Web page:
Appearance & Identification
What do millipedes look like?
With a long, cylindrical, segmented body, millipedes may reach up to 1-1/4 inches long and up to 3/16 of an inch thick.
Millipedes possess spiracles (holes or openings) on each body segment, which the diplopods use to breathe.
Millipedes have two pairs of legs attached to each body segment. Males typically have longer legs and antennae than females
Though generally black in color, other individuals of the species may show a range of colors along the edges of the body segments, including yellow, pink, and even purple.
My Home: I am found through North America and in other parts of the world that have moist environments. I live outdoors in moist, dark, protected areas like under bark, logs, leaves or rocks. I am most active at night.
What I eat: I lack the venomous front jaws of centipedes and primarily eat decaying plants.
What I look like: I am long, slow moving, and resemble a worm. I have two pairs of legs on each body segment. A centipede has only one pair of legs on each segment. My length can be from 1 to 12 inches.
How I am born: I go through two stages of development: egg and adult. My egg is laid in the ground during the springtime. After I hatch, I resemble a small adult. To grow, I molt and shed my skin, adding a segment and a set of legs each time my skin is shed.
Fun Facts: They are often called ‘thousand leggers’, but they actually only have from 40 to 200 pair of legs. They can coil in a ball for protection and some produce a poisonous gas. There are around 10,000 species of Millipedes worldwide.
Resembling a worm with legs at first glance, millipedes are elongated invertebrates that typically feed on detritus (rotting organic material). Though the name implies that the animal possesses 1,000 legs, most millipedes typically have fewer than 50 pairs. Found in cool, damp, and dark environments, millipedes are a segmented diplopod that may become a nuisance around the house.
Generally beneficial, as the animals feed on decaying organic matter, millipedes may take up residence in garages, sheds, or basements.
The North American millipede, or Narceus americanus, as well as several sub-species, may be found throughout the United States, especially in the eastern part of the country. Millipedes may be found in both urban and suburban areas living under rocks, dead trees, leaf piles, and typically anywhere the soil is damp and the humidity remains high. Typically solitary and nocturnal, the millipede is capable of forward, backward, and sideways movement, as the pairs of legs move simultaneously down the body. Millipedes are also expert burrowers. If threatened, the diplopod may curl into a tight spiral, using the hard exoskeleton to protect itself from potential predators.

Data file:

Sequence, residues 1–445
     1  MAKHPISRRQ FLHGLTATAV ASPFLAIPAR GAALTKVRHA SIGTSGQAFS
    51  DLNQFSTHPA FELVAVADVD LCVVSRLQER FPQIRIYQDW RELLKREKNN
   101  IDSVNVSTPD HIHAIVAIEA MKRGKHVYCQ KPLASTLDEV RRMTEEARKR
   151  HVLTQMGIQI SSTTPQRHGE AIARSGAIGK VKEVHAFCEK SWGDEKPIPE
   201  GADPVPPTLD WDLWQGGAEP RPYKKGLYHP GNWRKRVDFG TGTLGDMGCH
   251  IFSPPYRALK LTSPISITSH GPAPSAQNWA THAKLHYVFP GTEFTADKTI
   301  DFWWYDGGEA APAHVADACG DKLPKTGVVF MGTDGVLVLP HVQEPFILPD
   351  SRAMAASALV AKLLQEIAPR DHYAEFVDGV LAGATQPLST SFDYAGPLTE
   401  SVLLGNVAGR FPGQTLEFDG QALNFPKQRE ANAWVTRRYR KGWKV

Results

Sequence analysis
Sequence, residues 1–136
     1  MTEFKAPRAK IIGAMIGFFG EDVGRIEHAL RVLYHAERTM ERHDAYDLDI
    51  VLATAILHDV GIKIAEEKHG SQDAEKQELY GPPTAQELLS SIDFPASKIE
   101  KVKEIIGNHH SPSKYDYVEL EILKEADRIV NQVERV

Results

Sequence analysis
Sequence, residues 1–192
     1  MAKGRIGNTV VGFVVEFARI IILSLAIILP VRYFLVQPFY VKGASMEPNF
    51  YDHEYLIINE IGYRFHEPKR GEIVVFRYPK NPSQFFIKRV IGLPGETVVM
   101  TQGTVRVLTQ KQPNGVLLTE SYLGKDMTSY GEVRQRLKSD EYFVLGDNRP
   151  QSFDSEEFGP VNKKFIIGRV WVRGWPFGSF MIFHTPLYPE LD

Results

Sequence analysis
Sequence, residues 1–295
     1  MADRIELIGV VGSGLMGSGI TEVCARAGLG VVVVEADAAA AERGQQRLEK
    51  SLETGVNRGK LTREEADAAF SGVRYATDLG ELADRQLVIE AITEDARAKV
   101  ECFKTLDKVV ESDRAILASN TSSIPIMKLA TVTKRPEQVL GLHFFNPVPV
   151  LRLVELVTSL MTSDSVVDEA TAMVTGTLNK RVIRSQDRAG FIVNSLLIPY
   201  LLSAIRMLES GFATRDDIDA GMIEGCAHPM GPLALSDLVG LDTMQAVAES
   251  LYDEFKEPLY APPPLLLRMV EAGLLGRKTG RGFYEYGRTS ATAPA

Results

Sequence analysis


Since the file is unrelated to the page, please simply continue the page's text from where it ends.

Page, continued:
What do millipedes eat?
As detritivores, or animals that prefer to eat detritus and other decomposing debris, millipedes are known to feed on decaying leaves, wood, and roots.
In addition, the diplopod will eat bacteria and developing fungi. Millipedes also feed on their own waste in order to further glean nutrients not gathered the first time. On occasion, the diplopod may feed on living plant roots or developing vegetation.
Starting in the late spring or early summer, millipedes mate and usually lay 100 eggs or more. Females tend to burrow into the soil to dig a nest where the eggs will be deposited. Young millipedes hatch after two to ten weeks of gestation and must complete seven stages of growth. When molting, the diplopod adds segments and legs to the body, and the maturation process may take up to one year. The millipede reaches sexual maturation at one year. Millipedes may live up to five years, while the average lifespan ranging around two years.
Problems Caused by Millipedes
Millipedes are commonly classified as a nuisance pest. When the habitat of the animal floods or becomes inhospitable for any reason, millipedes may migrate and find ways into homes and other structures. Garages and basements often make perfect domiciles for the diplopod, as both offer dark and potentially damp surfaces and hiding places. In some cases, when threatened, the millipede will discharge a substance that may irritate or discolor human skin. Certain subspecies may also act as carriers of mites, which may be vectors of certain diseases.
Signs of Infestation
The most obvious sign of infestation remains physically seeing millipedes in the home or workplace. As millipedes are primarily nocturnal, the possibility of seeing the animals may not occur all at once. Millipedes may hide in boxes, under shelving, in mulch beds around the home, and even under sinks, where moisture may accumulate. Millipedes remain harmless to both people and pets in most situations.
The best way to prevent a millipede infestation remains closing off/sealing points of entry. Cracks in foundations, openings around pipes and cables, and window sills and doorways may provide access to the home or business. The best way to keep millipedes out of the home is exclusion. Utilize caulk around windows and doorframes, pack areas around cable, wires, and piping with mesh wiring, and always repair cracks in foundations when found. In cases of extreme infestation, home and business owners may wish to contact a trained pest control professional to properly eliminate the millipede problem.